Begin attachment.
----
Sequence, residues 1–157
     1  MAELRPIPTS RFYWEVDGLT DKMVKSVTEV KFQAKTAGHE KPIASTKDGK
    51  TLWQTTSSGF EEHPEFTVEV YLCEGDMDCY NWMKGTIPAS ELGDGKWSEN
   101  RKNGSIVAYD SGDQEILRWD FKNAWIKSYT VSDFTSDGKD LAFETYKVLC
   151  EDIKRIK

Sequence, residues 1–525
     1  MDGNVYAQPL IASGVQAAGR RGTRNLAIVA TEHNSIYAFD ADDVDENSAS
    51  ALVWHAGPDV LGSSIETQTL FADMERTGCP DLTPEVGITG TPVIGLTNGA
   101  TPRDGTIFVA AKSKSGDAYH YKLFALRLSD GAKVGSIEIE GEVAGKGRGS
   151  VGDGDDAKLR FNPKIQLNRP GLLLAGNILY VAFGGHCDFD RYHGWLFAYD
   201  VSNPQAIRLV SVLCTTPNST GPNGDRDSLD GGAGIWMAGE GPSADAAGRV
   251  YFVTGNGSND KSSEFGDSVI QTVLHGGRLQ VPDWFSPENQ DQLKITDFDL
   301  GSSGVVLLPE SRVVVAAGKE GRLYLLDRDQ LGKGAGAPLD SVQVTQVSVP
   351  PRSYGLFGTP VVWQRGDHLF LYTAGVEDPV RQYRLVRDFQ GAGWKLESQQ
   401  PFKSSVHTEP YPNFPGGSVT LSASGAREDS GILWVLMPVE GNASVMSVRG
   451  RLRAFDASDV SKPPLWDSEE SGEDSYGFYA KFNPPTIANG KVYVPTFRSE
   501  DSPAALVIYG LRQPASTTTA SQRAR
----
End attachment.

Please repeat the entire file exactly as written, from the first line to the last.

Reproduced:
Sequence, residues 1–157
     1  MAELRPIPTS RFYWEVDGLT DKMVKSVTEV KFQAKTAGHE KPIASTKDGK
    51  TLWQTTSSGF EEHPEFTVEV YLCEGDMDCY NWMKGTIPAS ELGDGKWSEN
   101  RKNGSIVAYD SGDQEILRWD FKNAWIKSYT VSDFTSDGKD LAFETYKVLC
   151  EDIKRIK

Sequence, residues 1–525
     1  MDGNVYAQPL IASGVQAAGR RGTRNLAIVA TEHNSIYAFD ADDVDENSAS
    51  ALVWHAGPDV LGSSIETQTL FADMERTGCP DLTPEVGITG TPVIGLTNGA
   101  TPRDGTIFVA AKSKSGDAYH YKLFALRLSD GAKVGSIEIE GEVAGKGRGS
   151  VGDGDDAKLR FNPKIQLNRP GLLLAGNILY VAFGGHCDFD RYHGWLFAYD
   201  VSNPQAIRLV SVLCTTPNST GPNGDRDSLD GGAGIWMAGE GPSADAAGRV
   251  YFVTGNGSND KSSEFGDSVI QTVLHGGRLQ VPDWFSPENQ DQLKITDFDL
   301  GSSGVVLLPE SRVVVAAGKE GRLYLLDRDQ LGKGAGAPLD SVQVTQVSVP
   351  PRSYGLFGTP VVWQRGDHLF LYTAGVEDPV RQYRLVRDFQ GAGWKLESQQ
   401  PFKSSVHTEP YPNFPGGSVT LSASGAREDS GILWVLMPVE GNASVMSVRG
   451  RLRAFDASDV SKPPLWDSEE SGEDSYGFYA KFNPPTIANG KVYVPTFRSE
   501  DSPAALVIYG LRQPASTTTA SQRAR